By Mike Kinney
Soulful Softball Sunday returns to Nicholl Park in Richmond this Sunday, with rap legend E-40, an avid baseball fan, expected to throw out the first pitch along with former Oakland A’s pitcher Mike Norris.
The annual community gathering, with sponsorship this year by Curtis Witt Ltd., Ronnie ‘Bubba’ Robinson Scholarship Foundation & Cooperative Federal Credit Union, will this year be held in honor James Ruiz, a beloved community member and community softball player who died from complications due to COVID-19 in May.
The “James Ruiz Invitational Tournament” aims to keep Ruiz’s legacy alive, according to Soulful Softball Sunday founder Rodney Alamo Brown. This year will feature four men’s and four women’s teams from Richmond, Berkeley, Oakland and San Francisco who will compete for the Mayor’s Cup Challenge Trophy. Next year, the tourney will open up to teams from different cities, Brown said.
An MVP trophy awarded will be awarded to the best male and female player. The award will be in honor of Chopper Dickens, a legendary longtime Richmond softball player, Brown said.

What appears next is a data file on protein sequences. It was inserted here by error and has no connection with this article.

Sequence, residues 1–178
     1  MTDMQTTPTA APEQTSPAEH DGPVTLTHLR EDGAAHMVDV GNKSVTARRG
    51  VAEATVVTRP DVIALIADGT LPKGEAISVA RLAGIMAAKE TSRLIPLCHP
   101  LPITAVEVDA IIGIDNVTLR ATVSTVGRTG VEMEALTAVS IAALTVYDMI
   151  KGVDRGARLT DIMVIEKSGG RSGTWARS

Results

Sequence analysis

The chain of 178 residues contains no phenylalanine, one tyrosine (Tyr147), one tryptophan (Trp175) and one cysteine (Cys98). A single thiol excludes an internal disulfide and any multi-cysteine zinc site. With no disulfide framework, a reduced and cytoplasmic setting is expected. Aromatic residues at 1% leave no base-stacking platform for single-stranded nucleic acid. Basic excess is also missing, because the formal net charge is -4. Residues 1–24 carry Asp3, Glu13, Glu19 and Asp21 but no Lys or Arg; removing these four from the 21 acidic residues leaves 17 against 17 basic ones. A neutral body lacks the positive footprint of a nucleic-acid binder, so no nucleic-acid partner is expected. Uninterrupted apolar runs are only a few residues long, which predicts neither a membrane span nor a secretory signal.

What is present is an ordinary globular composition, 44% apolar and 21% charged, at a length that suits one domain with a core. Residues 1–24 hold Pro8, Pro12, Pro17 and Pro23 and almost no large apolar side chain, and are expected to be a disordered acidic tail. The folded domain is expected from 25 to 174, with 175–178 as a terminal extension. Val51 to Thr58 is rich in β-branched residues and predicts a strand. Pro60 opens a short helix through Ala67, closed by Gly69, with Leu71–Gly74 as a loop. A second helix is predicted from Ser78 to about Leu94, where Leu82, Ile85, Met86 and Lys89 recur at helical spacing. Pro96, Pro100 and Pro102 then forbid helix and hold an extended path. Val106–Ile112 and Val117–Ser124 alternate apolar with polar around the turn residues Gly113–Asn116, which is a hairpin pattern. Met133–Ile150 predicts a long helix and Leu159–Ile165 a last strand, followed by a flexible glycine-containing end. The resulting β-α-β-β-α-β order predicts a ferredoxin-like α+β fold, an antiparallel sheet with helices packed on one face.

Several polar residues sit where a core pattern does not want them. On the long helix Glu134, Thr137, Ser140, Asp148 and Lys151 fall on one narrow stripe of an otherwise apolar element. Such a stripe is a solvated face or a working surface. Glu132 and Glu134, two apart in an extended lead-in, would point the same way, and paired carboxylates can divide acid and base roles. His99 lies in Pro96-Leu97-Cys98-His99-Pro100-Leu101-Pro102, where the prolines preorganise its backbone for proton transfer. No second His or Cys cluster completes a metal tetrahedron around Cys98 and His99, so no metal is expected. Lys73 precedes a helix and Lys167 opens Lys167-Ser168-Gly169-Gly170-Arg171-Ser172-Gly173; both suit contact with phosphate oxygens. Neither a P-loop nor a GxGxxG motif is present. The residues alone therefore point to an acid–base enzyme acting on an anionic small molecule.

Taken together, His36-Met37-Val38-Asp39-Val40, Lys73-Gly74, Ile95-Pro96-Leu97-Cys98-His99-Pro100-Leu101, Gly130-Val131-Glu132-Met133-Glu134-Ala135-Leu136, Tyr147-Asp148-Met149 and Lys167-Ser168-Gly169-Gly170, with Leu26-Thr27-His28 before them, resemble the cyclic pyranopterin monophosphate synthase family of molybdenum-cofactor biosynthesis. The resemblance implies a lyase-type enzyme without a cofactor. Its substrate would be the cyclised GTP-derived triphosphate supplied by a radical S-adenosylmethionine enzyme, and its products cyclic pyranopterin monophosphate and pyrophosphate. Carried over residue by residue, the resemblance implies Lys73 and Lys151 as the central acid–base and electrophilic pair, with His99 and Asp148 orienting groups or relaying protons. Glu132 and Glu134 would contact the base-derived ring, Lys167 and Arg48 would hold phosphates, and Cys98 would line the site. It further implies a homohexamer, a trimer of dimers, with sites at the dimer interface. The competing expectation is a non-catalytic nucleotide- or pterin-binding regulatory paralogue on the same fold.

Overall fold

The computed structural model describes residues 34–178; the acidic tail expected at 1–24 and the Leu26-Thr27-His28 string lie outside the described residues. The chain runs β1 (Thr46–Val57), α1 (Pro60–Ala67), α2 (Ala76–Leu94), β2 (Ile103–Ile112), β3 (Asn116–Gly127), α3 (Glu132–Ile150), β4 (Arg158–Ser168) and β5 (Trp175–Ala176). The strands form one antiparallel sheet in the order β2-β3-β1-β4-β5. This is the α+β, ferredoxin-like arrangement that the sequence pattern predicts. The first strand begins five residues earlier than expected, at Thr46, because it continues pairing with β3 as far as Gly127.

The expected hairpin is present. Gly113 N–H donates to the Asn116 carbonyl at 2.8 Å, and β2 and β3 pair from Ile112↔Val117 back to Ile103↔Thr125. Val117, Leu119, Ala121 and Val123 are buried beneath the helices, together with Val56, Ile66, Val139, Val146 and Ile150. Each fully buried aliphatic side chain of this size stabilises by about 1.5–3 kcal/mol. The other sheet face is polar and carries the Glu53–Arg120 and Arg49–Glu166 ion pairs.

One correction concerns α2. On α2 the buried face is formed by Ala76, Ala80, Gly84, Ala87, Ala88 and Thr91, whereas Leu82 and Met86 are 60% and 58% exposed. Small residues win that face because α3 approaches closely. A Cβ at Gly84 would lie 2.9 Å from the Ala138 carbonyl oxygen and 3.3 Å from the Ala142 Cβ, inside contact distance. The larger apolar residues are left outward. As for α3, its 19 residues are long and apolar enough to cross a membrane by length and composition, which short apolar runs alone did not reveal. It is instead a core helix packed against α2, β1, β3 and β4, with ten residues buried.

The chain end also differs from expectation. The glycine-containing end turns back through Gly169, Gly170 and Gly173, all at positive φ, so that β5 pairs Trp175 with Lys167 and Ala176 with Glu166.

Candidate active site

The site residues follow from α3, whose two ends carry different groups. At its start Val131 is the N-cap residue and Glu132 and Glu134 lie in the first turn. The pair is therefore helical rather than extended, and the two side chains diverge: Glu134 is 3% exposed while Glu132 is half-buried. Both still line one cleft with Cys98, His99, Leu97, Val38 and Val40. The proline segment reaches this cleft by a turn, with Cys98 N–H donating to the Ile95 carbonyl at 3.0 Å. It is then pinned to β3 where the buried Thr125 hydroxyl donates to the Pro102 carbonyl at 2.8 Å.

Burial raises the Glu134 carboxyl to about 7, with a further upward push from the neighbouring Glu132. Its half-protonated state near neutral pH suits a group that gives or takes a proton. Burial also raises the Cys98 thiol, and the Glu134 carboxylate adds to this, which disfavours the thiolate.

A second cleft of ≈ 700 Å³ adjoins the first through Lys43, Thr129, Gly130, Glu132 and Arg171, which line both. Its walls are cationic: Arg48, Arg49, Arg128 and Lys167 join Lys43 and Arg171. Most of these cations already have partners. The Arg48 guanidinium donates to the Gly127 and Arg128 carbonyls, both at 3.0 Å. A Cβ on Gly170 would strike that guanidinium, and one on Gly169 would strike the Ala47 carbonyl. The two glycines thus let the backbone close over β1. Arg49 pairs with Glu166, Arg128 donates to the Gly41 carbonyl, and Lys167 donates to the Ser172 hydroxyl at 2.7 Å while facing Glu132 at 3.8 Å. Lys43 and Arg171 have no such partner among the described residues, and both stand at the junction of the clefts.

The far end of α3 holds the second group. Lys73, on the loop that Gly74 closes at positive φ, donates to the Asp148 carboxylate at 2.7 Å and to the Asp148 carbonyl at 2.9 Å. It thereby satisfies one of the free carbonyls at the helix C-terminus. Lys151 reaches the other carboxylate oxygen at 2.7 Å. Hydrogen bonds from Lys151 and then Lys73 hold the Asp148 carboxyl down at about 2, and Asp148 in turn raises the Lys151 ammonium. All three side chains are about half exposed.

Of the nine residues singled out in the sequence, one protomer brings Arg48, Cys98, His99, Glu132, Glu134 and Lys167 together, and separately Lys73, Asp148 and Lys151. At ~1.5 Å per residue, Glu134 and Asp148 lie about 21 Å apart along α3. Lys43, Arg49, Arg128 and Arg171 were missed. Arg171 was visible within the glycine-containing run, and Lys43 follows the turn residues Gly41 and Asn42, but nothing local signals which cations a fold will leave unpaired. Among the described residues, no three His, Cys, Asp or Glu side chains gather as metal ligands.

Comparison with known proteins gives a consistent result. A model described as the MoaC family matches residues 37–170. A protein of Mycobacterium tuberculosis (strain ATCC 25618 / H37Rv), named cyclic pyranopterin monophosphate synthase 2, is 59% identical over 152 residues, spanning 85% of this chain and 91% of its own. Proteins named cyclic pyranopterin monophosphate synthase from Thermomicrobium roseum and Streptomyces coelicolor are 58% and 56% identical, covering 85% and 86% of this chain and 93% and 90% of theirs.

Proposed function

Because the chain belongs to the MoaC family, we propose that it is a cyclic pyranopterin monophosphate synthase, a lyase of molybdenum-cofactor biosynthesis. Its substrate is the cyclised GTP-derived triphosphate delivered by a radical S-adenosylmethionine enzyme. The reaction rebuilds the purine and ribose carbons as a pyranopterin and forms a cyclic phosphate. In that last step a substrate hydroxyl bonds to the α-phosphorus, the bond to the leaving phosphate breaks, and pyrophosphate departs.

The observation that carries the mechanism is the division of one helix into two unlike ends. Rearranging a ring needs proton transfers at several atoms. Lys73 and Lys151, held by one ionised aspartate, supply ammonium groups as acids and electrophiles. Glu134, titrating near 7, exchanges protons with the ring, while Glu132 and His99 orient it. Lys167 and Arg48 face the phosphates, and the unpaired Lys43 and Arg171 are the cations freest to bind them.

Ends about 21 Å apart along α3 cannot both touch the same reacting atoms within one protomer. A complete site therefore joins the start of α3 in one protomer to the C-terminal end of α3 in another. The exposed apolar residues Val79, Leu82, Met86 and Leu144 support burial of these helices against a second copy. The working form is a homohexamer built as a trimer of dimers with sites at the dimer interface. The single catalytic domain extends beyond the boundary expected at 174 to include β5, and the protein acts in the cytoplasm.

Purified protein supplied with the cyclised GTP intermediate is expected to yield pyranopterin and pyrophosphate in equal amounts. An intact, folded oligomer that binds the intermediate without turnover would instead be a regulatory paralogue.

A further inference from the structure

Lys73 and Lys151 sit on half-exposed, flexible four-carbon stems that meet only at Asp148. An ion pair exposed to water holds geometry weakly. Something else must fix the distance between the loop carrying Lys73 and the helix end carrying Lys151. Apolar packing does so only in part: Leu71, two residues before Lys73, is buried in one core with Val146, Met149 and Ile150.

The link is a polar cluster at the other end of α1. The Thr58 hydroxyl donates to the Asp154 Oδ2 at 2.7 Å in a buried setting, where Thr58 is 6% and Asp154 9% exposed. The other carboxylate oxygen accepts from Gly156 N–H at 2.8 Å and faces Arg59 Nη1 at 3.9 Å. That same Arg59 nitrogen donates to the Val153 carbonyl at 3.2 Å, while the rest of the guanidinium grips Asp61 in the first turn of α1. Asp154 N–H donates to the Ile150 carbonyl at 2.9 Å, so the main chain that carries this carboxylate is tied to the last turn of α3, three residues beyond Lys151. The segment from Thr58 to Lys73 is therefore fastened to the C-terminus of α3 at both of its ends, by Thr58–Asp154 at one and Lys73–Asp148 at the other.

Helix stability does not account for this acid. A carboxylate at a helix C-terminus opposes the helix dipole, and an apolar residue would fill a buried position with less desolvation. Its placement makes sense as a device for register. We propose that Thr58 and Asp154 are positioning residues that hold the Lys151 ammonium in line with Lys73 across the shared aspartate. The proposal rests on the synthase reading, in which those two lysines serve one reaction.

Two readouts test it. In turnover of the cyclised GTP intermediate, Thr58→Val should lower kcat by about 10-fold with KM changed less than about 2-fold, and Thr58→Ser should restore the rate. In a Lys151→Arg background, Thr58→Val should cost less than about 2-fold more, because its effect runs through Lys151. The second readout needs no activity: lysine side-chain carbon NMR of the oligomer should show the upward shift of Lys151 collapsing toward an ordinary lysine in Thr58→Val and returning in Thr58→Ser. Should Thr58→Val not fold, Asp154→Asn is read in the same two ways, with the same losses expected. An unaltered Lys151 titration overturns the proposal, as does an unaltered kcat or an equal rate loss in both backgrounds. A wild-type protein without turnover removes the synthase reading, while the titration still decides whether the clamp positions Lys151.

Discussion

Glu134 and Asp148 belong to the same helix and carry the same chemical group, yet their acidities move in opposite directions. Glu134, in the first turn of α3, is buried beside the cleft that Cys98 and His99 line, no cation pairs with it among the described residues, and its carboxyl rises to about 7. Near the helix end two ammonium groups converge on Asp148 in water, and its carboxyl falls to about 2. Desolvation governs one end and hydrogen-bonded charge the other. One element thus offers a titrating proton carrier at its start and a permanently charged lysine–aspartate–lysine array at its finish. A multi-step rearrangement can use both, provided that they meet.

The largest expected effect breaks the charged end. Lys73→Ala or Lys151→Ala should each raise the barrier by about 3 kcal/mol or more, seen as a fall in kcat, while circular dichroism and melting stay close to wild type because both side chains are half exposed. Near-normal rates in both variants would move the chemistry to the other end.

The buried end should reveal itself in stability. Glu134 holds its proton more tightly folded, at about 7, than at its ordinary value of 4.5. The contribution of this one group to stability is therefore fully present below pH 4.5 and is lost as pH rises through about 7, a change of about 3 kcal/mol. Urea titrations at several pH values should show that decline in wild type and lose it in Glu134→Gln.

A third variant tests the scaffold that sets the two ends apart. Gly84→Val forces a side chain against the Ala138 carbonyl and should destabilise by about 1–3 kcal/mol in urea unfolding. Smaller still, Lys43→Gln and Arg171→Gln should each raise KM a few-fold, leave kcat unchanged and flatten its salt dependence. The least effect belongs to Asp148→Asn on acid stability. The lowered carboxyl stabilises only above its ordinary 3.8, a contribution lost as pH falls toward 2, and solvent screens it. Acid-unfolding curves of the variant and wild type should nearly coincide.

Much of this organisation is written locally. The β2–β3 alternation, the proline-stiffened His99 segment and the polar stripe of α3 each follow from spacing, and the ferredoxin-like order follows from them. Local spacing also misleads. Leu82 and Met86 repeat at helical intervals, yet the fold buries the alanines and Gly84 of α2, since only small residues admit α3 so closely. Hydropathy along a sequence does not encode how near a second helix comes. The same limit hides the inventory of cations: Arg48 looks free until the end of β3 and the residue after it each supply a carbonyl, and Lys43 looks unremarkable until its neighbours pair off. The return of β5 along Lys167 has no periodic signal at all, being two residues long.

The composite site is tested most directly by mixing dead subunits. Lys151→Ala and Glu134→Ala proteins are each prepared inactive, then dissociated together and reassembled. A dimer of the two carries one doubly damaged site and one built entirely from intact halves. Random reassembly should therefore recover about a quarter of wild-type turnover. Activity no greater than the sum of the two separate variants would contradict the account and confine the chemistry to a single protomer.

Of course, Soulful Softball Sunday isn’t just about softball. The event that works to strengthen community bonds by bringing local residents together will also have entertainment, including a performance from the El Cerrito High cheerleaders.
Per usual, an abundance of community-based organization will attend to provide services and resources. A career fair with be held featuring union representatives from LIUNA Local 324, which represents thousands of construction and oil refinery workers in Northern California. And 200 pink commemorative breast cancer awareness t-shirts will be given away as SSS honors survivors. In addition, legends of Richmond, past and present, will be honored at the event, and a raffle will include gifts and prizes, one being a trip to Las Vegas.
One could say Soulful Softball Sunday organizers are glad to be able to hold the event amid the pandemic, but in actuality the organization has been quite busy in the community, Brown said. SSS has hosted 14 events since the pandemic began and also worked collectively with the West Contra Costa Unified School District to distribute over 2.5 million meals to families in need when schools closed in March 2020.
This year’s Soulful Softball Sunday is somewhat different than past years, Brown said.
“This experience is more sentimental than the others, with the death of James there’s a sense of brotherhood and bonding that will manifest,” he said. “Everyone is very excited about the direction SSS is going now, we believe in loving on the people without receiving anything in return. Our think tank is not the same as former years, we’ve revamped some things and eliminated other things.”